The Appellate Tribunal has referred to section 2(f) of the Act and observed that apprentices engaged under the Apprentices Act or under the Standing Orders are excluded from the purview of definition of ‘employee’ under the Act and even the Investigating Officer of the department had not recorded any evidence to establish that the apprentices were working as regular workers. Hence, order of the EPF Authority is set aside and appeal allowed.
M/s. Ambika Cotton Mills Ltd. vs. RPFC, Madurai,
ATA Nos.514, 515 and 516(13)/2009 decided on 5.1.2012
COVERAGE OF CHINESE WORKERS WITHOUT ASCERTAINING THEIR SALARIES – TO BE QUASHED
By filing the appeal, the appellant has questioned the validity of the order dated 29.09.2009, passed by the EPF Authority under section 7A of the Act that the amount paid to the technicians working in India and drawing salary in China in Chinese currency would attract EPF contributions.
The EPF Appellate Tribunal observed that the EPF Authority has not ascertained the actual salary/wages of these workers which is an essential requirement before enrolling an international worker a member of the EPF Scheme. The employees drawing salary/wages exceeding Rs.6,500 per month are not liable to be covered under the EPF Scheme. Hence, order of the EPF Authority suffers from serious infirmities and liable to be quashed. The appeal is allowed.
M/s. Wardha Power Company Ltd. vs. APFC, Nagpur,
ATA No.692(9)/2009 decided on 2.2.2012
DEMANDING CONTRIBUTIONS ON AMOUNT ACCRUING OUT OF SETTLEMENT – NOT PROPER
The appellant filed an appeal before the Employees’ Provident Fund Appellate Tribunal, against the order dated 14.2.2007, passed by the EPF Authority, putting forth its grievance that the order, treating the sum paid to the employees as per settlement approved by the High Court, as basic wages for the purpose of EPF contributions, is illegal.
The EPF Appellate Tribunal observed that the compromise arrived at between the parties, has approval of the Hon’ble High Court of Bombay. The calculation does not indicate how much sums paid denote the wages liable for EPF contributions. Therefore, there is no scope to reassess the validity of the agreed terms of settlement. Impugned order suffers from serious infirmity and is quashed. Appeal is allowed.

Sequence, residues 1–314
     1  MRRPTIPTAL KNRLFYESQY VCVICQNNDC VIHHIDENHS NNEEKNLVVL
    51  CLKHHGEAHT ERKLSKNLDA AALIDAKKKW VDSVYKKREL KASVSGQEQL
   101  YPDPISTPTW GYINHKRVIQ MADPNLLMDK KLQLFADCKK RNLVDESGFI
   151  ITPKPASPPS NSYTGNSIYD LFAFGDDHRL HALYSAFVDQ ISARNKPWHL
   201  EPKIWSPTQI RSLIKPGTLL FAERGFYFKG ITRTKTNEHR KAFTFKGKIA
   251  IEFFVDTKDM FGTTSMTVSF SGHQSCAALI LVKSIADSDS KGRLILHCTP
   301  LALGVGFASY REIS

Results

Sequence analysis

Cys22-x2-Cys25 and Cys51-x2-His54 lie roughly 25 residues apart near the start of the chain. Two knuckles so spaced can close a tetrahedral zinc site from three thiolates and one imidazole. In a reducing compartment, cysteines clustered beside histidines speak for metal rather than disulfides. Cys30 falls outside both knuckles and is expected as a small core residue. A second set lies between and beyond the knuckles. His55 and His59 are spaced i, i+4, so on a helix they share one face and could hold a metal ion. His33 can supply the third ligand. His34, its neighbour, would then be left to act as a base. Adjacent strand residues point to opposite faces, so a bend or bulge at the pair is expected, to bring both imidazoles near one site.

M/s. Tuli Hotel vs. APFC, Nagpur,
ATA No.230(9)/2007 decided on 18.1.2012
COMPENSATION TO AN EMPLOYEE NOT FOR DUTY PERFORMED – NOT TO ATTRACT EPF CONTRIBUTIONS
The grievance of the appellant in the appeal is that the order dated 15.06.2011 passed by the EPF Authority under section 7A of the Act stating that the amount paid towards compensation to an ex-employee for not performing duty would attract EPF contributions is illegal.
The EPF Appellate Tribunal observed that compensation was paid for keeping the employee away from duty, there is no document to show that the employee was continued in service without interruption. The amount paid is not the payment of wages for duties performed. Therefore, the amount of damages or the compensation awarded under a court settlement would not constitute ‘basic wages’ as envisaged by the Act and would not attract EPF liability. Hence, order of the EPF Authority is set aside and appeal allowed.
M/s. Binny Engineering Ltd. vs APFC, Tambaram, Chennai,
ATA No.605(13)/2011 decided on 23.02.2012
Latest on EPF
Senior officials of Employees’ Provident Fund Organisation (EPFO) say the EPFO will begin the process on April 1 when the entire compliance operation will be on line. That will eliminate the need for any EPFO officer to personally inspect company records. In the new system, the EPFO will ask companies to voluntarily disclose all information required to comply with the Employees’ Provident Funds & Miscellaneous Provisions Act. Based on the information, the EPFO will devise parameters to discover defaulters. The parameters will change each year to avoid companies being compliant with only certain parameters. Last July, the Central Bureau of Investigation registered cases against nine senior officials of the EPFO for causing a loss to the exchequer amounting to Rs.169 crore. Most defaulting companies usually understated the number of employees to bring down EPFO liability. In view of the above, the visits from the EPFO office to your Company may be a thing of past.